The account of four young boys’ determination to steer their own lives away from the trap of gangs and crime and violence is both an uplifting, inspirational story and another reminder of a grim social reality.
The present circumstances, for these four youths, point decisively toward the former. This story needs a happy ending; too many other such stories don’t have them.
As reported earlier this week by Alva James-Johnson, four LaGrange teenagers — just barely teenagers, the oldest of them still on the short side of a learner’s driving permit — approached an official of their city’ Housing Authority about work.
According to Housing Authority official Zsa Zsa Heard, the teens’ primary motivation for work wasn’t the money; it was to provide them, all residents of public housing, with something useful to do instead of being led down the wrong path.
“I don’t want to be in trouble,” Heard said one of the boys told her. “I want to stay out of trouble, and I don’t want to be in a gang.”
It’s never too early, happily, for young people to exercise good judgment and wise choices. The ugly flip side is that it’s apparently not too soon for the worst elements among us to recruit kids this young and younger into lives of crime. Asked if they had been approached about being in gangs, Heard said, the boys answered, “Yes, ma’am, all the time.”
Not surprisingly, these 13- and 14-year-olds have become something of a social media celebrity phenomenon in the area, and they would seem to deserve the admiration. When they were told the Housing Authority would be asked about jobs for them and that they should come to the offices the next morning, they showed up 45 minutes early.
“Their teachers and the coaches started sending me messages saying that they’re good kids, they’re obedient,” Heard told James-Johnson. “They just need support and resources. That’s all they need and they’ll be fine.”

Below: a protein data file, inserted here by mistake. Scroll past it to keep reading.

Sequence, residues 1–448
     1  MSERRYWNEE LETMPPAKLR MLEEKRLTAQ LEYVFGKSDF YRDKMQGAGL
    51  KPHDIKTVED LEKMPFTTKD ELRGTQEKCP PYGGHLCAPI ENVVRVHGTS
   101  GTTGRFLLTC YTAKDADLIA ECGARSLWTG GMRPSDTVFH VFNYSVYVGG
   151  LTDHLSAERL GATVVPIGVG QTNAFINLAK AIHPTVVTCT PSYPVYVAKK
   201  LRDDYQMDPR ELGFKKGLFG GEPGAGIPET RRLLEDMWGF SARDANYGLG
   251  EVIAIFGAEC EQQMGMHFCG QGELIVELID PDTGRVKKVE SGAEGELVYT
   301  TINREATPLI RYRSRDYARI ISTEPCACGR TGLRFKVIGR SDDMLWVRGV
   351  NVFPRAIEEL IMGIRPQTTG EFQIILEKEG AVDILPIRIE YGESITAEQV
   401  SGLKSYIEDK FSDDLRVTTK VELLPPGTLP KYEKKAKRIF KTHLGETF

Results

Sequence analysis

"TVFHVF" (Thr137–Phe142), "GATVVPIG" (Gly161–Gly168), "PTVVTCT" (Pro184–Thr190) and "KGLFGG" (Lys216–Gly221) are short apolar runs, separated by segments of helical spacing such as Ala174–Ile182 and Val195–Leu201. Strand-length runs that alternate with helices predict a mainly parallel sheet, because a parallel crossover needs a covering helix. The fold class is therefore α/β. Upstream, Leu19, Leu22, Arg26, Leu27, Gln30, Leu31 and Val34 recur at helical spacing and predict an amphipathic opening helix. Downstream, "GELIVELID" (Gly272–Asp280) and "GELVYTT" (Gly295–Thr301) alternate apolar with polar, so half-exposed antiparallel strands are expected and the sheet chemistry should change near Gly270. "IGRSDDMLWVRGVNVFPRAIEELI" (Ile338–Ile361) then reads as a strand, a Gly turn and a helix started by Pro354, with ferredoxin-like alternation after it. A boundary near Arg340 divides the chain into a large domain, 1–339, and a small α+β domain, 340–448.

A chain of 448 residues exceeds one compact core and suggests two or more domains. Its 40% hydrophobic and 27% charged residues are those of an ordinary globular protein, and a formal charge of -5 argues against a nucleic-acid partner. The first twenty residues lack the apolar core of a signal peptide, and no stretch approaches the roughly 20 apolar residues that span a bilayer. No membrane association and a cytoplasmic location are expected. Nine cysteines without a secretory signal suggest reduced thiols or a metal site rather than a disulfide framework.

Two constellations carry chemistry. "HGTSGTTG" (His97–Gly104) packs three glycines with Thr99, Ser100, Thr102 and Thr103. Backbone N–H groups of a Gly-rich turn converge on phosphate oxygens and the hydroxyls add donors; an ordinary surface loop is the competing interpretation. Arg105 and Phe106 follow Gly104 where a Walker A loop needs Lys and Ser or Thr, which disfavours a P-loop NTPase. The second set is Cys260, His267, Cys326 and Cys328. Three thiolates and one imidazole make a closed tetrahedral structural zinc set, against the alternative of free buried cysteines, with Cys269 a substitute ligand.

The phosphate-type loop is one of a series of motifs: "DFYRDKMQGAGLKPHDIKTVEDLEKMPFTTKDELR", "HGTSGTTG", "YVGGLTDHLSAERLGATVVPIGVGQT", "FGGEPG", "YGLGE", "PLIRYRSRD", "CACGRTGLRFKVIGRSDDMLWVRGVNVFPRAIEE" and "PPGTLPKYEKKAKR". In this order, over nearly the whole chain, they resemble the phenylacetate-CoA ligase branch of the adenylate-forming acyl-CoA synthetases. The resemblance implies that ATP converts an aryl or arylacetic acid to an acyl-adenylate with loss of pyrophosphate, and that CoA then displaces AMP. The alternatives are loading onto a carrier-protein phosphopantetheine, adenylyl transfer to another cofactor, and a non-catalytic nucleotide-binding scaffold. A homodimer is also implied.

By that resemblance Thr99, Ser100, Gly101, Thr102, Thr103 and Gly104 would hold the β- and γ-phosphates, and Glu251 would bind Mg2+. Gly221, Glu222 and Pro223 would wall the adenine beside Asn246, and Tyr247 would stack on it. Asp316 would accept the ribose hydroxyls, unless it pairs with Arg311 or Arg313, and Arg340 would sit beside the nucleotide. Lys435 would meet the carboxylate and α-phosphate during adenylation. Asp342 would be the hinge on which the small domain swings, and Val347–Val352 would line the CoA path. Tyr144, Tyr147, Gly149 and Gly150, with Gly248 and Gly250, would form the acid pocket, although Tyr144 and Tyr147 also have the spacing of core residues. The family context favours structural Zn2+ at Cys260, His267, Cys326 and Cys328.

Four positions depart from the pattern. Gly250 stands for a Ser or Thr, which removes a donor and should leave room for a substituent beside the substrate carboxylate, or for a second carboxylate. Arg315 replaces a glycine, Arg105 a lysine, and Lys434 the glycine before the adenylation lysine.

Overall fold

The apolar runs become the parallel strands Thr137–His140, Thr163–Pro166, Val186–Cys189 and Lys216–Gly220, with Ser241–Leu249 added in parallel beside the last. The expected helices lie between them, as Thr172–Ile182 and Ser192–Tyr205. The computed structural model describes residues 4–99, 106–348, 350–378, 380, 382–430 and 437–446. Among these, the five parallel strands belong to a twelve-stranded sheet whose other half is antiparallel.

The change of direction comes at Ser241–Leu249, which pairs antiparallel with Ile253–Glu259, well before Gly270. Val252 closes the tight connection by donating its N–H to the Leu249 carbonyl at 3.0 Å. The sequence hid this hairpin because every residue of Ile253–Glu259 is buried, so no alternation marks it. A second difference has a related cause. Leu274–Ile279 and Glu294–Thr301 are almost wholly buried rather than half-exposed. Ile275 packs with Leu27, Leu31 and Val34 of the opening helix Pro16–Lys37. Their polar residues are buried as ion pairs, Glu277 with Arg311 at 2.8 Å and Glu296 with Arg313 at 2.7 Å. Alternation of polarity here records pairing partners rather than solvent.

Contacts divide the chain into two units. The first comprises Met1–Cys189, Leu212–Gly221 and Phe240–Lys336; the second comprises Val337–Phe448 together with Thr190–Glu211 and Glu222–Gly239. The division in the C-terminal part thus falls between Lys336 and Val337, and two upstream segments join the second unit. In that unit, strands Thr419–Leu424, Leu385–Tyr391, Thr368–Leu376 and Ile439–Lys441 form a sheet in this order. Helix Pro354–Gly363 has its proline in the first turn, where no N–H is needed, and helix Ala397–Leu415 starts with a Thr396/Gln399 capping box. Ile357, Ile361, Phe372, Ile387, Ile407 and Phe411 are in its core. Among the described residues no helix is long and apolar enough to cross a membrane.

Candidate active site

We can only wonder how many other good kids who need only a little support and encouragement turn out considerably, sometimes tragically, less than fine. Both the triumphs and the tragedies ultimately affect us all.
According to WXIA-TV in Atlanta, one of the most popular Twitter feeds for some time has been that of U.S. Rep. Steven Smith, R-Ga., a Tea Party Patriot, ardent Donald Trump supporter and virulent Hillary Clinton critic with more than 13,000 followers — including, for a time, an admirer in Ann Coulter and a critic in Rosie O’Donnell. Smith, according to his Twitter account, represents Georgia’s 15th Congressional District. Which throws quite a wrench into this year’s Electoral College math, because Georgia has only 14 districts.
A Florida lawyer named Jeffrey Marty has claimed to be Smith’s alter ego, although Marty reportedly insists he’s a true believer in Smith’s political agenda.
Benita Dodd, of the Libertarian-leaning Georgia Public Policy Foundation, observed wryly to WXIA, “He represents the 15th district very well, I think.”